Butterfield also contends that the 330-month sentence, an upward departure that is three times the presumptive guidelines sentence, was erroneously based on a finding that he used a dangerous weapon in the assault. Butterfield claims that his acquittal of criminal sexual assault in the first degree (while using a dangerous weapon), Minn. Stat. § 609.342, subd. 1(d) (1994), precludes the district court from considering the use of a knife as an aggravating factor warranting the departure. This argument also lacks merit. Contrary to Butterfield’s contention, he was not sentenced on the one charge that resulted in an acquittal. The district court imposed a 330-month sentence for Butterfield’s sexual assault in the park, not the trailer where the offense of acquittal was alleged to have occurred. For the sexual assault in the park, Butterfield was convicted under Minn. Stat. § 609.342, subd. 1(c) (1994) (causing reasonable fear of imminent great bodily harm while committing criminal sexual conduct). To support the upward durational departure for this offense, the district court found several aggravating factors, including multiple acts of penetration, Butterfield’s possession of a knife while making oral threats to kill the victim, and his particular cruelty in punching the victim and forcing her to remove her clothes in 45-degree weather. As these findings are well supported by the record, the district court’s determination was not erroneous.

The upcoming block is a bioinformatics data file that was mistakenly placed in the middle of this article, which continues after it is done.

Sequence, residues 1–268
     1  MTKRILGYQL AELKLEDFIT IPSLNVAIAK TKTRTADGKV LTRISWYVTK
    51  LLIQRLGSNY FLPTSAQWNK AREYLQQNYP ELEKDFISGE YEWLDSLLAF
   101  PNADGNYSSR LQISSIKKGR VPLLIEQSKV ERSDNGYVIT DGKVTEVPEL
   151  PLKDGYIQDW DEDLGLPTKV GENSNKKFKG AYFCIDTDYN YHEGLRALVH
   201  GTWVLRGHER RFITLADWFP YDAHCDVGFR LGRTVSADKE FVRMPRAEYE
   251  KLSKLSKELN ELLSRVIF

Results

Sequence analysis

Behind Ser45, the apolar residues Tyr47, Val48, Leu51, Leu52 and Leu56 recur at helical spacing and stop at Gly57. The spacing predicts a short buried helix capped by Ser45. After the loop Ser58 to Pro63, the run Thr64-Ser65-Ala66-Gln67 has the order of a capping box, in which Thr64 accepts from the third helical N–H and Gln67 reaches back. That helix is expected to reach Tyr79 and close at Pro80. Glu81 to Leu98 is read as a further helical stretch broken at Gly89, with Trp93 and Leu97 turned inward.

We also rejected Butterfield’s claim of ineffective assistance of appellate counsel on his first postconviction appeal. Butterfield, 2001 WL 214210 at *3 (holding that appellant’s claim was procedurally barred and that he did not sustain his burden of showing ineffective assistance of counsel). Because he now raises the same claim again, Butterfield’s claim of ineffective assistance of counsel in his direct appeal is procedurally barred, and we decline to revisit it. See Zenanko v. State, 587 N.W.2d 642, 644 (Minn. 1998).
Butterfield argues that he also was denied effective assistance of counsel in his first postconviction case. Because this claim could not have been previously known or raised at the time of his direct appeal or during the first postconviction proceedings, it is not procedurally barred. To prevail on this claim, Butterfield must show that his counsel’s performance fell below an objective standard of reasonableness and that he was prejudiced as a result of the deficient performance. Gates v. State, 398 N.W.2d 558, 561 (Minn. 1987). But Butterfield fails to allege any facts that would support his claim. Accordingly, the relief he seeks is unwarranted.
Because the district court did not abuse its discretion in denying Butterfield’s petition for postconviction relief, we affirm.
* Retired judge of the Minnesota Court of Appeals, serving by appointment pursuant to Minn. Const. art. VI, § 10.